Treasury Loans to the BNDES: Cornucopia?

If the Treasury’s loans to the Brazilian Development Bank (BNDES) generated net fiscal gains the perpetuum mobile would finally have been discovered.

The Institute for Applied Economic Research (IPEA) recently published discussion paper nº 1665 entitled “Measuring the fiscal result of loans from the Treasury to the BNDES: net cost or gain for the Union?”. The views set out in this instigating study are in sharp contrast with those of various analysts, including those put forward in a column I wrote a little over a year ago, which express a strong opposition to the massive transfers of heavily subsidized funds from the Treasury to the BNDES that have been undertaken since 2009, and which currently total nearly a quarter of a trillion BRL.  The study reaches the surprising conclusion that, when the benefits derived from the short and long-term generation of additional investment and income are computed, the Treasury’s loans to the BNDES in 2009 and 2010, which totaled BRL 180 billion, generated a net fiscal gain of BRL 100 million in present value.

In order to arrive  at a gain of  BRL 100 billion, the authors first of all estimated the loans’ implicit subsidy costs, given that the Treasury charges the TJLP (the official Long-Term Interest Rate, currently at 6%) on its loans to the BNDES but  generally raises funds  at the Selic rate (which currently stands at 11%). They then estimate a short-term fiscal gain resulting from the increase in production and income that supposedly occurred on account of the BNDES loans made possible by the Federal funds.  They add a long-term component to this fiscal gain due to the supposed effects of the investments financed by the BNDES on economic growth. The estimated fiscal cost is BRL 50 billion, while the gains amount to BRL 150 billion, thus resulting in the alleged net gain of BRL 100 billion.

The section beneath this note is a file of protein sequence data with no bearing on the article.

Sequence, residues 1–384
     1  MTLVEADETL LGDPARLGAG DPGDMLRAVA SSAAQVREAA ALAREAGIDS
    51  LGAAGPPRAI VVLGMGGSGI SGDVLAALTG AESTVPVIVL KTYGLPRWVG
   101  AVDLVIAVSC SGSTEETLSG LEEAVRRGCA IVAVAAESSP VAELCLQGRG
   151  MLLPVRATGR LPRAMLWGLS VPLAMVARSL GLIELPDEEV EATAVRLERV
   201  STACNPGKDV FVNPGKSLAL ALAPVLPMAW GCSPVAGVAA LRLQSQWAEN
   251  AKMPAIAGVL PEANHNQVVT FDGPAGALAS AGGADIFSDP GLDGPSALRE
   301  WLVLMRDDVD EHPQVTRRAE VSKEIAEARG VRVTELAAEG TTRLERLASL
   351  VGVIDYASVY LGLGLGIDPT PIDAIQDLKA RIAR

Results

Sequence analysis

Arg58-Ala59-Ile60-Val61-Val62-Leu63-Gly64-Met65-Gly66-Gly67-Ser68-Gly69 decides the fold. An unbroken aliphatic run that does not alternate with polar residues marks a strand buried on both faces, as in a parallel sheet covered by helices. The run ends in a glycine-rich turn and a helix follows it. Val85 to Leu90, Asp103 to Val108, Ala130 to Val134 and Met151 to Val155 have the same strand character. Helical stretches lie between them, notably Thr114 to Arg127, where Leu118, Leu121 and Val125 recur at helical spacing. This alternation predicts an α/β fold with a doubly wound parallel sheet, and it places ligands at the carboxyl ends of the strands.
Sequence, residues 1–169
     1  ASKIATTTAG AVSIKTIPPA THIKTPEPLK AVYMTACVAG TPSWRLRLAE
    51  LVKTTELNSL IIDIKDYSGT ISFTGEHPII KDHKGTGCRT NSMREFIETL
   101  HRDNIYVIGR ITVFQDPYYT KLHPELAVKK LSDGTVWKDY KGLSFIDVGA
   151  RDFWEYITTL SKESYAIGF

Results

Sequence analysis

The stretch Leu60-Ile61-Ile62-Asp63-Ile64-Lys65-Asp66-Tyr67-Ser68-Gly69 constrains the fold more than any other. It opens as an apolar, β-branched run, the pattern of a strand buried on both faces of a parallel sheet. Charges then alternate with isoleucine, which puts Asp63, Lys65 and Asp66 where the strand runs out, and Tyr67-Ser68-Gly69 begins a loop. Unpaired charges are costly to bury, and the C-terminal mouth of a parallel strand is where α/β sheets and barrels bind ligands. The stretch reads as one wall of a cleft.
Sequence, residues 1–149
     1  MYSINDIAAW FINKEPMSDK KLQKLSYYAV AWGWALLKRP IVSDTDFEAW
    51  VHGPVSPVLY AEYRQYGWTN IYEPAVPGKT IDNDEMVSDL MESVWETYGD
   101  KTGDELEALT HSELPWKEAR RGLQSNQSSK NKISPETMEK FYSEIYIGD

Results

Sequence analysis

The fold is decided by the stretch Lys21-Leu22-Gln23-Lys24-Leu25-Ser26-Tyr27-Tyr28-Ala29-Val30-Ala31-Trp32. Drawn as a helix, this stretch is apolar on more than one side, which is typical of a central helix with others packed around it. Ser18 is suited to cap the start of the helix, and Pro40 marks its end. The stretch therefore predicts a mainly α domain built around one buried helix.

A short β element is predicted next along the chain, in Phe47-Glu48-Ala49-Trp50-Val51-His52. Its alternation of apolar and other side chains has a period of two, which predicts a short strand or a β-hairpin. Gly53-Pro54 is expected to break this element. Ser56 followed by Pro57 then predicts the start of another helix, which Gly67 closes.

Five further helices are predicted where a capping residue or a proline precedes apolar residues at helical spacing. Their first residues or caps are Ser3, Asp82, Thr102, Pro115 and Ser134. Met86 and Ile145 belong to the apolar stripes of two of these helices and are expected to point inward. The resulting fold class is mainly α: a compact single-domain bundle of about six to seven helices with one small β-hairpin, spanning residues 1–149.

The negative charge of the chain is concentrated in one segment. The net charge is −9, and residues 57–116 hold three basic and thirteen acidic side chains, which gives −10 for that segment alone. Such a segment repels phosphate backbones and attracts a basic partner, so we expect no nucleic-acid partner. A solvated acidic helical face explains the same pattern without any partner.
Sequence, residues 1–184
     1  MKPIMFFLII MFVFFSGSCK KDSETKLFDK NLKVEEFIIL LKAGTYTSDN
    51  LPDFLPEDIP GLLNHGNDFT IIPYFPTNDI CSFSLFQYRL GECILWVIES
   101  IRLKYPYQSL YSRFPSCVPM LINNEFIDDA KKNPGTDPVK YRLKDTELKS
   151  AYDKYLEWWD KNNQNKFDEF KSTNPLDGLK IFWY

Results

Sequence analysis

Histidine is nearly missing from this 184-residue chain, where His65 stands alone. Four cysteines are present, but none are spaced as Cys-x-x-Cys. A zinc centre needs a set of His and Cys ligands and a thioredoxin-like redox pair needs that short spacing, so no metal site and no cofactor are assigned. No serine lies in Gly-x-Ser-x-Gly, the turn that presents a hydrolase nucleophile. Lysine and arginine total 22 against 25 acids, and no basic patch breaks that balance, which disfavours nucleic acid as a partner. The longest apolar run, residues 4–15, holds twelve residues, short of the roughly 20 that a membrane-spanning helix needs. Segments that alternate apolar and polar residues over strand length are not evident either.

The first part of the study estimates the direct costs of the implicit subsidy in the BRL 180 billion loan. This kind of calculation involves many details and suppositions. Unfortunately the authors have not published appendices containing the figures on which the study is based in order to assess whether the hypotheses adopted are reasonable or not.  The final results of the estimates indicate that the direct fiscal cost of the Union’s loan to the BNDES (the loan’s implicit subsidy) amounts to 28% of the BRL 180 billion, or BRL 50 billion.

In order to assess whether these values are reasonable, without having access to the figures used in the study, one can perform a simple calculation, assuming that that the cost of the public debt remained equal to the 10.25% Selic rate prevailing when the study was performed (7/7/2010) and that the TJLP also remained constant at 6%.  Obviously this calculation is merely a rough approximation but it is an effective way, in principle, of assessing the article’s results. The table shows the subsidy (loss) of the Union’s loan to the BNDES. Given that the loans have maturities of 30 to 40 years, one can only conclude that the authors’ calculations seem to considerably underestimate the loans’ fiscal cost. I repeat that, in order to be able to perform a more thorough analysis, the authors must reveal their figures.



Maturity of the loan (years) Loss (% of the loan) Loss (BRL Billion)
1 4% 7
5 18% 32
10 33% 59
15 45% 80
20 54% 98
30 69% 125
40 79% 143